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influence of crack closure. As the loads are reduced in order to reduce DK during development of a full fatigue curve, the crack opens a proportionally lesser amount and the mating surfaces come closer to each other during the unloading portion of the fatigue cycle. Eventually, the loads can be reduced to the point where the asperities of mating fracture surfaces can come into contact if the frac- ture surface exhibits enough roughness. This shields the crack from a portion of the applied load and effectively reduces the stress intensity range available to drive crack growth. In fact, the closure mea- surements made during fatigue testing of the base metals (Figs. 5 and 6) provide an indication of the DK level at which crack closure contributes to the improved fa- tigue resistance. These conditions were described in the Results section and are summarized in Table 4. The DK values in Table 4 indicate the stress intensity range at which crack closure occurs as DK is re- duced. Note that the values shown in Table 4 increase as the grain size increases, which indicates that closure effects occur at higher DK levels as the grain size in- creases. This is in direct response to the rougher fracture surface that forms with increasing grain size. Thus, crack closure is at least one cause of the improved fa- tigue resistance for crack growth rates below the DK values summarized in Table 4. It should be noted that crack closure can also occur due to residual stress effects as discussed in previous work (Ref. 12). However, these tests were conducted on samples that were slowly heated and cooled during the grain growth treat- ments, so significant residual stress is not expected in these samples. In addition, previous work (Ref. 12) has demonstrated that residual effects in these alloys are overcome with the R value of 0.6 that is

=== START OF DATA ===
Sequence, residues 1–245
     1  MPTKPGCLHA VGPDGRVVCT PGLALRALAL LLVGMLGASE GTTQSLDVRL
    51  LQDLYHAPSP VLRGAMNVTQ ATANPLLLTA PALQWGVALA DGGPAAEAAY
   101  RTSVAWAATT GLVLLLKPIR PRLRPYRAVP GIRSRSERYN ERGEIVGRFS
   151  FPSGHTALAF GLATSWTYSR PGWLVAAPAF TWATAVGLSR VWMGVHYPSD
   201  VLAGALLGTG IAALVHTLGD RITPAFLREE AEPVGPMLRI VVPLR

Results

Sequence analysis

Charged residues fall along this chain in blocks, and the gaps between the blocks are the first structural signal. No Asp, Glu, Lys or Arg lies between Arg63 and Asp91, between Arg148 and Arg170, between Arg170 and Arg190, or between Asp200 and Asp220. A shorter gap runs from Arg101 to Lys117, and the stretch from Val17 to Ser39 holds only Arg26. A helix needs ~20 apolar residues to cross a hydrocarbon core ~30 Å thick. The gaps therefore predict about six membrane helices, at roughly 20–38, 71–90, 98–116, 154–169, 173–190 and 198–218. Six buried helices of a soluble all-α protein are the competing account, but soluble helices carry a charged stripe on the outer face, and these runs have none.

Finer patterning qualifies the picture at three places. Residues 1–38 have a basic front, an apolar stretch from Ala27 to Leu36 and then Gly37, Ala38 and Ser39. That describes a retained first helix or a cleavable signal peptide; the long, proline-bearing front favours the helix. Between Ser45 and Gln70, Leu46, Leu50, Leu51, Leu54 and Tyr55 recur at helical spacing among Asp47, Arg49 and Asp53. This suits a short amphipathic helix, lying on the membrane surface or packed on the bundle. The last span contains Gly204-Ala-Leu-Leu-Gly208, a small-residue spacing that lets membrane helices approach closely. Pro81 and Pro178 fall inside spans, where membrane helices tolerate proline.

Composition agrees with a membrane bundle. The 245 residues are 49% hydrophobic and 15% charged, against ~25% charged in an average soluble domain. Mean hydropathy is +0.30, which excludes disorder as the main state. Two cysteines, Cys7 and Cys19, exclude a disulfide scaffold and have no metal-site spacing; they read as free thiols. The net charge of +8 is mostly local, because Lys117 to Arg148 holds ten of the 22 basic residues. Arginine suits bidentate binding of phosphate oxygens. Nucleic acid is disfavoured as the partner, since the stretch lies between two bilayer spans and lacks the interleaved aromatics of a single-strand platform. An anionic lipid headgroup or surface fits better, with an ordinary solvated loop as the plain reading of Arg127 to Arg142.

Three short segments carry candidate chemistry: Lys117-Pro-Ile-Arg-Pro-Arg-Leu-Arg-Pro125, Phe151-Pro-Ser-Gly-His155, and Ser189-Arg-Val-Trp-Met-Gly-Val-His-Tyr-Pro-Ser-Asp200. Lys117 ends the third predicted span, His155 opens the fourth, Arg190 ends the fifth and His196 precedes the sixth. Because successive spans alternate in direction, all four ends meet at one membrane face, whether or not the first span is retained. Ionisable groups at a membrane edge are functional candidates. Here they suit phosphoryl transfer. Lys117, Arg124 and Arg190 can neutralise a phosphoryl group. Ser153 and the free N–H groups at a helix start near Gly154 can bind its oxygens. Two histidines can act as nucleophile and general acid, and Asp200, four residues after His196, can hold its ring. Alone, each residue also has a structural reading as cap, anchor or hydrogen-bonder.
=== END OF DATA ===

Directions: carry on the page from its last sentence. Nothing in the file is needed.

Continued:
used here. ( r c y = 0.033 DK s ys The remaining two mechanisms that account for improved fatigue resistance (devia- tion of the crack plane out of the Mode I plane and creation of more surface area for a given crack length) can be attributed to crystallographic ef- fects on the fatigue crack growth. It has been established (Ref. 16) that fa- tigue crack growth occurs on preferred crystallographic planes when the plastic zone size that develops dur- ing growth is ap- proximately equal to or less than the grain size. The plastic zone size c ) , i n t u r n , i s c o n t r o l l e d b y t h e y i e l d s t r e n g t h ( s y s ) a n d a p p l i e d D K a n d c a n b e e s t i m a t e d b y ( R e f s . r c y c 16–18) For a given material, the plastic zone size decreases with decreasing DK. Thus, as DK is reduced during the fatigue test, a point is eventually reached when the plas- tic zone size approaches (and eventually becomes smaller then) the grain size. C 2 (1) Fig. 6 — Fatigue results and slope offset data. A — AL6XN base metal with a 21-mm grain size tested at an R ratio of R = 0.60; B — AL6XN base metal with a 211-mm grain size tested at an R ratio of R = 0.60; C — AL6XN base metal with a 280-mm grain size tested at an R ratio of R = 0.60. Under this condition, crack growth occurs along preferred crystallographic planes, even though that direction may not be ori- ented within the Mode I plane. In austenitic stainless steels, growth is fa- vored predominantly on {111} planes (Refs. 19, 20). Crack growth occurs along such favorable planes until reaching a neighboring grain of different crystallo- graphic orientation. The crack is then forced to find the favorably oriented plane for continued propagation into the neigh- boring grain. When this process occurs in large grained materials, the cracks may ex- tend farther distances along the favorable planes and out of the Mode I plane prior


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